SNL's Mick Jagger Episode: 5 Best Scenes

[SNL's season 37 ended on a high note, with strong musical performances and an impressive comic turn by Mick Jagger, and a moving send-off for Kristin Wiig (in which Jagger and Arcade Fire performed "She's a Rainbow" and "Ruby Tuesday" while a teary-eyed Wiig danced with each castmember in turn). Andy Samberg and Jason Sudeikis are also rumored to be leaving, but producer Lorne Michaels has indicated that no decisions have yet been made. The episode showcased such recurring Wiig characters as the weird singing sister from the Finger Lakes and stage diva and perpetual Secret Word loser Mindy Elise Grayson. Mick Jagger portrayed everyone from a loony Steven Tyler to a J.P. Morgan executive, a blasé Californian, and a lonely insurance salesman. Jon Hamm and Steve Martin made cameos, and former castmembers Amy Poehler, Rachel Dratch, and Chris Kattan showed up to pay tribute to Wiig. Mick Jagger performed "The Last Time" with Arcade Fire, "19th Nervous Breakdown," and "It's Only Rock 'n Roll (But I Like It)" with Foo Fighters, and an election-inspired blues song with Jeff Beck.]

Some highlights...

Kristin Wiig, as the weird singing sister from the Finger Lakes, finally finds true love with Italian crooner Jon Hamm on the Lawrence Welk Show.

It's karaoke night at the Association of Life Insurance Brokers' annual conference, and shy salesman Kevin (Mick Jagger) watches wistfully from the sidelines as his colleagues perform Rolling Stones songs. (Kristin Wiig: "'Moves Like Jagger?' That's my all-time favorite Stones song!"...)

Seven years after the debut of Andy Samberg's first SNL Digital Short—"Lazy Sunday" (December 2005), starring Samberg and Chris Parnell—Parnell returns for "Lazy Sunday 2."

Stefon (Bill Hader) drops by Weekend Update with tips for a fun family visit to New York City in the summer. Recommendations include "Jewish Fireworks," a special appearance by "evil chef Wario Batali" ("he's like his brother, but he doesn't wear Crocs"), and an unusual build-a-bear workshop, with "furtlenecks"...

Santa Monica ferris wheel operator Timothy (Mick Jagger) has surprising news to share on a new episode of The Californians (where the hair is always bleached, the clothes are always pastel, and the conversation is always about directions to the Freeway.) Also featuring a cameo by a bewigged, Hawaiian shirt-sporting Steve Martin.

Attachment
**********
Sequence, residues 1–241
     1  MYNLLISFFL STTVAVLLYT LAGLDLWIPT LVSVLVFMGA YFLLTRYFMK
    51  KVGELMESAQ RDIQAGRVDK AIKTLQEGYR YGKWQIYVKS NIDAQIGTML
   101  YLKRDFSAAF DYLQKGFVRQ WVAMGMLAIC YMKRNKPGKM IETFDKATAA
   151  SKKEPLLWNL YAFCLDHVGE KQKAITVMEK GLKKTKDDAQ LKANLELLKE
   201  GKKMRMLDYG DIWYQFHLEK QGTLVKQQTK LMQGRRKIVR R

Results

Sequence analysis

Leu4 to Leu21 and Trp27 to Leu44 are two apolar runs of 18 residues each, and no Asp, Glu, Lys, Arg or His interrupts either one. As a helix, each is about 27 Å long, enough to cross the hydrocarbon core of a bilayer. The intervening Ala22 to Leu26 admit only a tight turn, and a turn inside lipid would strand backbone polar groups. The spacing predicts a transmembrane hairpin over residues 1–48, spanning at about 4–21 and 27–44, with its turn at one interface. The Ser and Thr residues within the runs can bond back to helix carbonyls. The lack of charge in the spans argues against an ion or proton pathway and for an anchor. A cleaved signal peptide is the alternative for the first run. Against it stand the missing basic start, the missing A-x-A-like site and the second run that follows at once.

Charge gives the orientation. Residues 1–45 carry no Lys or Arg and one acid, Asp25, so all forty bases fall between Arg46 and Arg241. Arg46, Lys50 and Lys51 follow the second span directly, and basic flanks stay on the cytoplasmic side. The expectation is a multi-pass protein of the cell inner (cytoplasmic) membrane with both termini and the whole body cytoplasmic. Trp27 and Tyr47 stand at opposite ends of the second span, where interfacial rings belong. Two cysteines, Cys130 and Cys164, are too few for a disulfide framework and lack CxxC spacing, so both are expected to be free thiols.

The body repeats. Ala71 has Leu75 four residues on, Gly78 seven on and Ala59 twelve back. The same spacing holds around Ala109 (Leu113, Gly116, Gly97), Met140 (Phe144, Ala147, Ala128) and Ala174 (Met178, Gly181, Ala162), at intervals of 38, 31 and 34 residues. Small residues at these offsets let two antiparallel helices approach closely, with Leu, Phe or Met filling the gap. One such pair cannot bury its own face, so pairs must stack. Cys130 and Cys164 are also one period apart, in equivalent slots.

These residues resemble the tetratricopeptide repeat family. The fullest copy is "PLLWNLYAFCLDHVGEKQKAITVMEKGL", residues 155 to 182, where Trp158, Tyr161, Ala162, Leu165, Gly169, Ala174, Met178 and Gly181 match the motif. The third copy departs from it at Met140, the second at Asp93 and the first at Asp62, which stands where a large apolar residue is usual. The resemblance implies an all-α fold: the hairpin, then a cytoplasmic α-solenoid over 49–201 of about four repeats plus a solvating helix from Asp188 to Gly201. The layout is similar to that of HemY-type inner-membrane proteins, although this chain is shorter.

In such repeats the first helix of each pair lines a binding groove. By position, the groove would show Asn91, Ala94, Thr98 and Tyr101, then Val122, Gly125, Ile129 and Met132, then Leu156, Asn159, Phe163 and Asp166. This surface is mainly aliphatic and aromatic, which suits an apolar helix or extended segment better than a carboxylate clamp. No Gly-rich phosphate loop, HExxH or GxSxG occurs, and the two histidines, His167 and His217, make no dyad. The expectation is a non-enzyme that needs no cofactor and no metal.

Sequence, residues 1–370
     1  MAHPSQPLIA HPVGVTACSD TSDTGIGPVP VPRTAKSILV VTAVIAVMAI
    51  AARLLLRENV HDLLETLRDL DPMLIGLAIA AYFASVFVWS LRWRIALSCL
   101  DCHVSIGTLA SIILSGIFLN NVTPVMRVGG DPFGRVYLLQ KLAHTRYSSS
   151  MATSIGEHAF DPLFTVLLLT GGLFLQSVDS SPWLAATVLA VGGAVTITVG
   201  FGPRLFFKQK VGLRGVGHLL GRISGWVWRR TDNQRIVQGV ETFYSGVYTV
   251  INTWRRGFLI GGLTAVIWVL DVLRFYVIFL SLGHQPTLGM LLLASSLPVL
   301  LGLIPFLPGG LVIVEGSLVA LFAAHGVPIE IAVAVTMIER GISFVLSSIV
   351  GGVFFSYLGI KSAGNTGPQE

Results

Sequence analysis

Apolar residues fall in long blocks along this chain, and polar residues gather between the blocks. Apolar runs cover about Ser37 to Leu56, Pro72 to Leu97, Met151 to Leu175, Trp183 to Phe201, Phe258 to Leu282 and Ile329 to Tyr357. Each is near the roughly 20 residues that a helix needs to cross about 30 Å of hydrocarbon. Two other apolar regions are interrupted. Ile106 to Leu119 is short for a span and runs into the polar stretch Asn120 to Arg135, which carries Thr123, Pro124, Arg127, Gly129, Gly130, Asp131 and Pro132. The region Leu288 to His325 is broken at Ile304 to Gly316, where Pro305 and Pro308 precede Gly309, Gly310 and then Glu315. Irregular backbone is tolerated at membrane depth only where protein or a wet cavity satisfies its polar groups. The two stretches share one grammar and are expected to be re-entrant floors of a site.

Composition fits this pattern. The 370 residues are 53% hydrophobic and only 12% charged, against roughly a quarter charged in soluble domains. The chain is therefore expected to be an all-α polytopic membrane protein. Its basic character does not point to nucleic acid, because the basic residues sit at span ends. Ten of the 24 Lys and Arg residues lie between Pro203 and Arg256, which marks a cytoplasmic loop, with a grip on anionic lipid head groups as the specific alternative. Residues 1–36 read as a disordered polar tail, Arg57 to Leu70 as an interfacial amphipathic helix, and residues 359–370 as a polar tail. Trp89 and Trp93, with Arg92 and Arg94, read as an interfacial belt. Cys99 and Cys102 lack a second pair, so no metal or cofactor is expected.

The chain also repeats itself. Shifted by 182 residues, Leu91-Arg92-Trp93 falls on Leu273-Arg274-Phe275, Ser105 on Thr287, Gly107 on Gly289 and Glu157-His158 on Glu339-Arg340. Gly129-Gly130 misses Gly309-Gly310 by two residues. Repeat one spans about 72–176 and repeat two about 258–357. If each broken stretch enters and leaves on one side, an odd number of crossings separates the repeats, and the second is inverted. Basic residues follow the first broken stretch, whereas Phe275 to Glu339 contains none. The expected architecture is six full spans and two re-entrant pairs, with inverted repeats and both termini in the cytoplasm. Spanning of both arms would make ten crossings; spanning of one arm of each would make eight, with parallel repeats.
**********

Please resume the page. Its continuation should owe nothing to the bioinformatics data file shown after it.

Also: (Not online—presumably for music copyright reasons) Dave Matthews (Bill Hader) hosts So You Think You Can Dance at an Outdoor Music Festival?, with judges Steven Tyler (Mick Jagger), Jewel (Abby Elliott), and Santana (Fred Armisen), and drugged out contestants Willow Vance (Kristin Wiig), Spliff Sanders (Bobby Moynihan), and a dreadlocked Taran Killam.

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Sage Stossel is a contributing editor at The Atlantic and draws the cartoon feature "Sage, Ink." She is author/illustrator of the graphic novel Starling, and of the children's books  On the Loose in Boston and On the Loose in Washington, DC. More

On Election Day in 1996, launched a weekly editorial cartoon feature drawn by Sage Stossel and named (aptly enough) "Sage, Ink." Since then, Stossel's whimsical work has been featured by the New York Times Week in Review, CNN Headline News, Cartoon Arts International/The New York Times Syndicate, The Boston Globe, Nieman Reports, Editorial Humor, The Provincetown Banner (for which she received a 2009 New England Press Association Award), and elsewhere. Her work has also been included in Best Editorial Cartoons of the Year, (2005, 2006, 2009, and 2010 editions) and Attack of the Political Cartoonists. Her children's book, On the Loose in Boston, was published in June 2009.

Sage Stossel grew up in a suburb of Boston and attended Harvard University, where she majored in English and American Literature and Languages and did a weekly cartoon strip about college life, called "Jody," for the Harvard Crimson. From 2004 to 2007, she served as Books Editor of the Radcliffe Quarterly

After college she took what was intended to be a temporary summer position securing electronic rights to articles from The Atlantic's archive for use online. Intrigued by The Atlantic's rich history and the creative possibilities in helping to launch a digital edition of the magazine on the Web, she soon joined The Atlantic full time. As the site's former executive editor, she was involved in everything from contributing reviews, author interviews, and illustrations, to hosting message boards and producing a digital edition of The Atlantic for the Web.

Stossel lives in Cambridge, Massachusetts.

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